Ryan Hendrix


Ryan Hendrix is a senior Social Cognitive Therapist at Social Thinking Stevens Creek in San Jose and a private therapist in San Francisco. She trained and works directly with Michelle Garcia Winner and Dr. Pamela Crooke. Her diverse caseload experience includes preschool-age children through young adults with social cognitive learning differences.

In addition to fostering social competencies in individual and group contexts, she actively collaborates with families and related professionals (teachers, resource specialists, psychologists, etc.) on ways to support their social learners beyond the clinic setting in their classrooms, communities, and homes. She meets with professionals from all over the world to talk about Social Thinking for Early Learners as part of the Social Thinking Clinical Training Program and is part of the Social Thinking Stevens Creek clinic’s ongoing Caregiver Education Series. As part of the Social Thinking Training and Speakers’ Collaborative, Ryan collaborates with and supports school teams to implement Social Thinking concepts across grades levels and across their school day.

Ryan received her bachelor’s degree in Psychology with a minor in Art Therapy and her master’s degree in Speech-Language Pathology from the University of Arizona. While at the U of A, Ryan met Dr. Crooke, who introduced her to the unpredictable, quirky world of Social Thinking. Having grown up with a close family friend with social learning differences, the concepts and lessons resonated strongly with her. Throughout graduate school and during her clinical fellowship year as part of the Autism Clinic Extension, Ryan conducted evaluations, designed and implemented treatment programs, and developed and led individual and group-based programs for children and adolescents ages 4-15 on the autism spectrum. Together with Dr. Crooke, she put together a research project to examine the effectiveness of using the Social Thinking Vocabulary. They later authored a published journal article discussing the results of the pilot study and presented the preliminary results in a technical session at ASHA in 2007.

Following graduation, Ryan continued implementing Social Thinking principles as a speech-language pathologist at the Tucson Medical Center. There she worked with children ages 1-12 with a variety of cognitive and communication impairments. She also collaborated and co-treated with occupational and physical therapists. When opportunity knocked in late 2007, she followed Dr. Crooke west to the Center for Social Thinking.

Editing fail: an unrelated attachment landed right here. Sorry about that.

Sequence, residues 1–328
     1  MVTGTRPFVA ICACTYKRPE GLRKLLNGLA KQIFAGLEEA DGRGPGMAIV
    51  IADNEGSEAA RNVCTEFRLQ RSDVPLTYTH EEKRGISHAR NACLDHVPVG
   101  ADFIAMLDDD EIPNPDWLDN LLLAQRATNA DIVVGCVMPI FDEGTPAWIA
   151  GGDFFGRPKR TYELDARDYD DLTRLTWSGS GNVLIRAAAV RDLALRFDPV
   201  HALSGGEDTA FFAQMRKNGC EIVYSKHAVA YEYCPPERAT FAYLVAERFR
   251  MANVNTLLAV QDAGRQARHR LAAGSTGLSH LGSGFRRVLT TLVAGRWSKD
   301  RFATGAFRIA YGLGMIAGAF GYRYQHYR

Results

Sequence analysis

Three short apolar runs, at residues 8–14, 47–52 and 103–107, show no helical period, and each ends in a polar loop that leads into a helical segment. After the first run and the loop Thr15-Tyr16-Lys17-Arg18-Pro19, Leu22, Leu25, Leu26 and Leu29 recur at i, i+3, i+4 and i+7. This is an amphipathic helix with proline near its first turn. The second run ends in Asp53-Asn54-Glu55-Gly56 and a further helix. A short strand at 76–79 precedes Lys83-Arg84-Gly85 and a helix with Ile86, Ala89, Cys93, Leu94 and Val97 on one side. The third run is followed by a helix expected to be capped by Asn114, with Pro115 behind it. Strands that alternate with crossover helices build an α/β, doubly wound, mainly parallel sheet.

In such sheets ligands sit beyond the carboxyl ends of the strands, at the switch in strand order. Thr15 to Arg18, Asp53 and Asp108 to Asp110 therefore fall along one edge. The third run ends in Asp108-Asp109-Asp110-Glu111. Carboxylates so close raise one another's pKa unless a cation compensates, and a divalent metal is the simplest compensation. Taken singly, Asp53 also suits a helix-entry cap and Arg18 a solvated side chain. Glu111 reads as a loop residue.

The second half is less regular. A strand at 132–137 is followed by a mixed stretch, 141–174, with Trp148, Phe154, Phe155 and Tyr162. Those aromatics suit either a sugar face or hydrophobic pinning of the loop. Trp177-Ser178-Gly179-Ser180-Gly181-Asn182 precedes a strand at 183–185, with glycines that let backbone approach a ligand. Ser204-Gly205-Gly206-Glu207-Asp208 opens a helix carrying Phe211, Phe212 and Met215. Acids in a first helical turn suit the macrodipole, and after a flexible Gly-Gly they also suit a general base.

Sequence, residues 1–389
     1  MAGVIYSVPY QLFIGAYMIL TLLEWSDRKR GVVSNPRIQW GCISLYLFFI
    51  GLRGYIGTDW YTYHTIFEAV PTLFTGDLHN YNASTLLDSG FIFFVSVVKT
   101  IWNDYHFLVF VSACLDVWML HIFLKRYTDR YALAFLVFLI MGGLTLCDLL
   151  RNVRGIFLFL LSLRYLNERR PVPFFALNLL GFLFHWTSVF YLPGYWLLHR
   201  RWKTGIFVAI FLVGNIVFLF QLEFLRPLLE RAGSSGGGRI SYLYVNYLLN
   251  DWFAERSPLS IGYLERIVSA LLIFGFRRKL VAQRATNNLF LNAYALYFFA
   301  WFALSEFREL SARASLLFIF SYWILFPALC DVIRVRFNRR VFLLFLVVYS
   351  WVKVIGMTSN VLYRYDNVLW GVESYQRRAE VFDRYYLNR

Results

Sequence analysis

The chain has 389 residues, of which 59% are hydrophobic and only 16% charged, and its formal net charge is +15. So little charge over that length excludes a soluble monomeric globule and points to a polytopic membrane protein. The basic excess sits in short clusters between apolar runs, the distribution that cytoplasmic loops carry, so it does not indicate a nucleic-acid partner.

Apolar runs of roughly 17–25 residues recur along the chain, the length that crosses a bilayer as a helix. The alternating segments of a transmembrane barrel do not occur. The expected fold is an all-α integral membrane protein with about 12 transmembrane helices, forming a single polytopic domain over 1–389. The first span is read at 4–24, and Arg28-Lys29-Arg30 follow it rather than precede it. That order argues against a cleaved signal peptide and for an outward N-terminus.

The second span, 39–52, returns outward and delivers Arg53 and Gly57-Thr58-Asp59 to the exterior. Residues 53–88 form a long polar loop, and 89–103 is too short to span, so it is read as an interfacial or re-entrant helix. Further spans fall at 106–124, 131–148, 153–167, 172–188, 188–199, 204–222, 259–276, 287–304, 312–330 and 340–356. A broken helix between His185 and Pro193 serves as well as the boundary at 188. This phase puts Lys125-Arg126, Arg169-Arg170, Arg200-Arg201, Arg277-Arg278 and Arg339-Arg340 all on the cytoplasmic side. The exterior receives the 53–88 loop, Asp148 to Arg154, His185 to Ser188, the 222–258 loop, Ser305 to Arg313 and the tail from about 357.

Ryan's artistic and creative talents allow her to explore abstract ideas in a visual, fun, and engaging manner. Working with a variety of ages and in a variety of contexts allows Ryan to sit on the floor, fly around in a cape and create Superflex tools, then turn around and explore the concept of a clique, the social fates and fortunes of working as a group, and break down the hidden rules of hanging out at a coffee shop. She is passionate about Social Thinking and the students and families she works with and enjoys collaborating with students, caregivers, and their teams to help social learners meet their own goals.

Ryan, along with co-authors Kari Zweber Palmer, Nancy Tarshis, and Michelle Garcia Winner, created We Thinkers! Volume 1 Social Explorers and We Thinkers! Volume 2 Social Problem Solvers, curricula for preschool and early elementary years published by Social Thinking. She has thoroughly enjoyed creating materials that meld what we know about social development with the powerful concepts of Social Thinking and making it accessible to this group of learners and their teams and families.

Ryan truly enjoys sharing this information with caregivers and professionals in both small settings and conferences and brings the concepts and strategies to life through stories and humor.

Other Experience
  • Group Facilitator, social groups for students with social learning differences in the Tucson community
  • Developed, organized, and led in-home social play groups for children with social cognitive differences from 6 to 15 years of age
  • Instructor and volunteer, Art*Works Art Therapy Center
  • Created and implemented literacy-based programming for adults with developmental disabilities
  • Programmed and supervised art and collaborative cooking studios